Innovation Gamified: A Lesson from the XBox Generation

Filed Under Mindjet

8bit game illustration header
Arwen Petty

by
October 25, 2013

With the seemingly endless possibilities that virtual worlds present, gaming aficionados are no strangers to crowdsourcing, mechanizing ideation and innovation, and the pressures of a perpetually changing market. It’s because of the video game industry’s organic expertise in this arena that more and more companies are turning to the ‘gamification’ of other processes, like innovation and marketing.

Gamifcation is a fancy way of saying that we’re taking the things people expect from games — points systems, scoring, level graduation — and applying them to business processes and customer interactions, in order to increase engagement. But what’s the point?

Crowdsourcing and Innovation Management

Though upping customer participation is a common goal for companies, the real question is whether or not it translates into tangible business benefits. Innovation management — though it sometimes sounds counterintuitive — is one way to gamify crowdsourcing and idea graduation to create an engaging environment that’s not only active, but even profitable.

A study conducted by Findlay and Alberts found that, once a gamification strategy had been applied to a business process, the percentage of contributing customers (as opposed to merely observers) in a given community increased almost immediately. Before implementation, just under 70% of the community members were active contributors. Post-gamification, that number rose to 83%, and the average number of posts per user went from 1.5 to 2.3. As crowdsourcing becomes an increasingly popular method of procuring ideas to take to market, companies must ensure that it’s a viable approach that can be counted on to generate regular results. The systematic structuring of the process allows for repetition and data projection; gamifying it makes it measurable and manageable.

The Idea Market

There have been more than a few thought leaders who’ve discussed the notion of ideas as currency. To take that a bit further, companies with an eye for innovation must recognize the necessity of idea markets — communities that are formed through the gamification of processes, specifically those centered on ideation and innovation.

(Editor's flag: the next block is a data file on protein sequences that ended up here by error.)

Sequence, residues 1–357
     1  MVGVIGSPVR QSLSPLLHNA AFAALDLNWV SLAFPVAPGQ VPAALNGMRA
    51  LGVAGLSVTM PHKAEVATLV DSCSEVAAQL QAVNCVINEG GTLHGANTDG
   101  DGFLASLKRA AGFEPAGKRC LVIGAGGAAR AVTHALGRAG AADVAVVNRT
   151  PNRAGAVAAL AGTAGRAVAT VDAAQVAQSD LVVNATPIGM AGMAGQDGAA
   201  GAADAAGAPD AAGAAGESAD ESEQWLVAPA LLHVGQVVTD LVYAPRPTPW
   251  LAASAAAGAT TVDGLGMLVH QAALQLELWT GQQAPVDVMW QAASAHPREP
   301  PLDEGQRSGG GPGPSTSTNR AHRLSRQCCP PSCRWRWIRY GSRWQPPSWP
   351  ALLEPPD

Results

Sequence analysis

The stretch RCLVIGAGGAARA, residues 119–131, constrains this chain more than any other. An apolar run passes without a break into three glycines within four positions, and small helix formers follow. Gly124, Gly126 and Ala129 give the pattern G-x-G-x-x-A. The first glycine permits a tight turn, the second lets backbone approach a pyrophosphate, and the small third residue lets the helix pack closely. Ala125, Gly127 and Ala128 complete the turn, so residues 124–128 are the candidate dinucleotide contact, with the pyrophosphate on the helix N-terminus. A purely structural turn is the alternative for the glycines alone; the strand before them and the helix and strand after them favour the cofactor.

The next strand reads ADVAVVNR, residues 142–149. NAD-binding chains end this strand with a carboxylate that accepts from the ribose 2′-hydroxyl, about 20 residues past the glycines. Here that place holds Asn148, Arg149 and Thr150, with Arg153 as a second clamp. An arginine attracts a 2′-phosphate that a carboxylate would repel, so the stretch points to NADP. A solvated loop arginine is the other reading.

“What better way to get all of your employees thinking about how to solve the challenges facing your company,” says Adina Kaufman, Sr. Editor and Storyteller at TSSS, “than by motivating them to do so through a process of fun and play? As more and more people engage in the ‘marketplace’ of ideas, the power of the ‘crowd’ becomes apparent. Good ideas evolve and grow, weak ideas quietly disappear from the debate, and great ideas rise to the top and assume a dominant role in the collective discussion.”

Gartner Research VP Brian Burke calls this “architecting” behaviors, but notes that, because many gamification platforms are afloat on novelty and hype, they may not be sustainable. “The key to sustainability,” he says, “is ensuring that you are positioning a game with the proper motivation, so that we’re motivating people for collaborative behavior.” He cautions against the over-use of rewards that are simply extrinsic, like gift cards, and encourages companies to offer more meaningful incentives, like community recognition.

In the end, truly innovative companies know that their greatest resource isn’t money, or location, or even a legacy of success — it’s their people. Engagement is more important in today’s impacted market than it’s ever been; creating value for and from our customers is the gateway to repeatable success.

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